Sunday’s episode of the HBO program “Last Week Tonight,” a comedy show hosted by John Oliver that takes deep dives into various issues, often exposing supposed wrongdoing while cracking jokes, focused on a number of issues in the coal industry. The segment began by addressing the hit that the coal industry has taken over the years, disputing certain assertions in the industrial and political spheres that blamed the industry’s decline on President Barack Obama. It then went on to specifically discuss Robert Murray, CEO of Murray Energy Corporation, a coal company. Just a few days later, Murray, along with other coal companies, slapped Oliver, producer Charles Wilson, HBO, and parent company Time Warner, Inc. with a defamation lawsuit.
The complaint characterized the show’s segment as “false, injurious, and defamatory,” and an “attempt to advance their biases against the coal industry and their disdain for the coal-related policies of the Trump Administration.” The complaint notes that Time Warner “is widely reported as a top ten donor of Hillary Clinton.” Clinton, the complaint says, had an agenda of putting coal miners and companies out of business.
The complaint says that after the show informed Murray and the various companies of their plans for the show, Murray and the others sent information to counter the show’s claims, but the show “ignored them and ‘doubled-down- on their character assassination of Mr. Murray” and the others.
According to the lawsuit, the sources that “Last Week Tonight” relied on for their coal segment were “outdated,” and Murray told this to the show before the segment aired, saying, “You recklessly rely exclusively on previously discredited media reports.”
One part of the segment that the complaint picks out is where Oliver showed a clip of an interview with Murray after a fatal mine collapse, where Murray said that it was caused by an earthquake. Oliver commented that Murray continued to claim that an earthquake led to the mine collapse even after a government investigation said this was not the case.
The complaint begs to differ. It asserts that the Federal Mine Safety and Health Administration’s report said that a “slip along a joint” or “joint slip in the overburden,” which the complaint says is “very similar” to the definition of an earthquake according to the U.S. Geological Survey, was a “likely candidate” as a cause of the collapse.
The complaint also cites unnamed studies that said that the collapse was a “seismic event,” and “caused by what many would characterize as an earthquake.” It notes that when Murray got to the mine after the collapse, the University of Utah was saying that an earthquake had taken place less than five miles away from the mine.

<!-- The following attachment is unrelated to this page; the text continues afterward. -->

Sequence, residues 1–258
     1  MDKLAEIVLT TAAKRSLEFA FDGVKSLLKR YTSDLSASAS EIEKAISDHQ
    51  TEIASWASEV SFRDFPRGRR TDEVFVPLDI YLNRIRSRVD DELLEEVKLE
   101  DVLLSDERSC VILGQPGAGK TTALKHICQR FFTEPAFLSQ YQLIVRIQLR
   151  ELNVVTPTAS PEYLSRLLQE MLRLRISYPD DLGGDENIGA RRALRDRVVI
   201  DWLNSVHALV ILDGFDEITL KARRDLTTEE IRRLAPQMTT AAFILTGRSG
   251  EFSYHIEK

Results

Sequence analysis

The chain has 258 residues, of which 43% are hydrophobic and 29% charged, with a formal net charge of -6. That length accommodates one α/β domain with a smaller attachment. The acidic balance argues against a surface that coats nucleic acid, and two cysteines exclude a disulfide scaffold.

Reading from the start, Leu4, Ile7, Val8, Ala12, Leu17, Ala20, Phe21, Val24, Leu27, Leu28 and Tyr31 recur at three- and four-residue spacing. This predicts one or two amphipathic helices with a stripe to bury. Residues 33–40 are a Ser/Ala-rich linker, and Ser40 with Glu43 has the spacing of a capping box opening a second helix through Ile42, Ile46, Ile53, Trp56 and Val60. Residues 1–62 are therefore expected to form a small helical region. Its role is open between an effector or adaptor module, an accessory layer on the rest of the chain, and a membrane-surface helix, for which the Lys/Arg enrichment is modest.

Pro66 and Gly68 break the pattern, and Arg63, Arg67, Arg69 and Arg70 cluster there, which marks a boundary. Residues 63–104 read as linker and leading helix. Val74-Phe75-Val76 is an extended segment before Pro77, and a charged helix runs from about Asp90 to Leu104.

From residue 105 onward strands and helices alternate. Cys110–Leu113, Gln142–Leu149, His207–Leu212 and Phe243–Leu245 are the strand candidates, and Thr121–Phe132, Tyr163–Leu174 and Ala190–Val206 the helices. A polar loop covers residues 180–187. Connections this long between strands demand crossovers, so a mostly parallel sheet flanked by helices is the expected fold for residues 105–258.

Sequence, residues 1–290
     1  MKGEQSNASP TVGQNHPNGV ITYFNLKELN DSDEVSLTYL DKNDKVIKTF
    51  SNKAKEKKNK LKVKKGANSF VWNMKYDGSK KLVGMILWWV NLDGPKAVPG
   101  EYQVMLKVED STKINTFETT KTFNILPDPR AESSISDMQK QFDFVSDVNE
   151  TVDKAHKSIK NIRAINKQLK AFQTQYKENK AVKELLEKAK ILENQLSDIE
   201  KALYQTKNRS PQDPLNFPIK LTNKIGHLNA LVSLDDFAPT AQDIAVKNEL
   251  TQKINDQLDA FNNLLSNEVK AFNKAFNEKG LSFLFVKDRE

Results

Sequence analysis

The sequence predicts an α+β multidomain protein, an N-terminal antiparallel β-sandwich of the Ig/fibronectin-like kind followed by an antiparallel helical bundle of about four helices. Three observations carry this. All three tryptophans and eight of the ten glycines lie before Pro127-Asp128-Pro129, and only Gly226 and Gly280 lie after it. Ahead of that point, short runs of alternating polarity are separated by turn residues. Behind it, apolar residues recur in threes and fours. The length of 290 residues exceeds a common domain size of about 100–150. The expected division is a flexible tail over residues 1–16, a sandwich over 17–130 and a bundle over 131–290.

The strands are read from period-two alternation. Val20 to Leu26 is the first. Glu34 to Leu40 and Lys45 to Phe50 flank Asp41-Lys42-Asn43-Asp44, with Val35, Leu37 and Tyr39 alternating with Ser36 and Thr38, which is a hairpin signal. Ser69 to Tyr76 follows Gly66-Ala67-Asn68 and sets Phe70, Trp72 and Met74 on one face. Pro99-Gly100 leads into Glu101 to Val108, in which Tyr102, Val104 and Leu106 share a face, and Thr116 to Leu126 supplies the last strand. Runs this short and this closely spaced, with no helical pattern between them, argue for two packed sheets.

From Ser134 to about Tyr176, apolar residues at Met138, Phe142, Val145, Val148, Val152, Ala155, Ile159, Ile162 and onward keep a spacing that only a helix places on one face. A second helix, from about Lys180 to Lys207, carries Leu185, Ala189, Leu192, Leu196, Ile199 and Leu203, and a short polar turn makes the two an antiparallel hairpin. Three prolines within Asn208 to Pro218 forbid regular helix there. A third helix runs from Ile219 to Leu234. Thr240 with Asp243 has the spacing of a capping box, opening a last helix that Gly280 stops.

Oliver’s quote from a report saying there was no evidence that an earthquake caused the collapse was taken out or context, the complaint says. The lawsuit alleges that Oliver “intentionally, falsely, and outrageously” said that Murray’s claim of an earthquake was bogus, even after the show’s producer received information supporting the earthquake claim.
In the days after the segment aired, the complaint alleges, Murray Energy’s website was hacked and also received insulting messages. The companies who brought the lawsuit also claim that the received harassing phone calls related to the statements made on the show.
As far as the allegation of character assassination? The lawsuit points out, among other statements, that Oliver described Murray as being like “a geriatric Dr. Evil,” referencing the villain in the Austin Powers series of movies.
Interestingly enough, the segment points out Murray’s history of litigation, including libel lawsuits against The New York Times, the Akron Beacon Journal, and a Huffington Post contributor and even a cease and desist letter to “Last Week Tonight.” When discussing the cease and desist letter on the air, Oliver said, “let us do neither of those things and let’s talk about Bob Murray.”
The lawsuit makes claims of defamation, false light invasion of privacy, and intentional infliction of emotional distress, seeking an unspecified amount in damages.
Oliver said in a statement directed to Murray towards the close of his segment, “I know that you are probably going to sue me, but you know what? I stand by everything I said.”
HBO said in a statement to LawNewz.com, “While we have not seen the complaint, we have confidence in the staff of Last Week Tonight and do not believe anything in the show this week violated Mr. Murray’s or Murray Energy’s rights.”
[Image via HBO screengrab]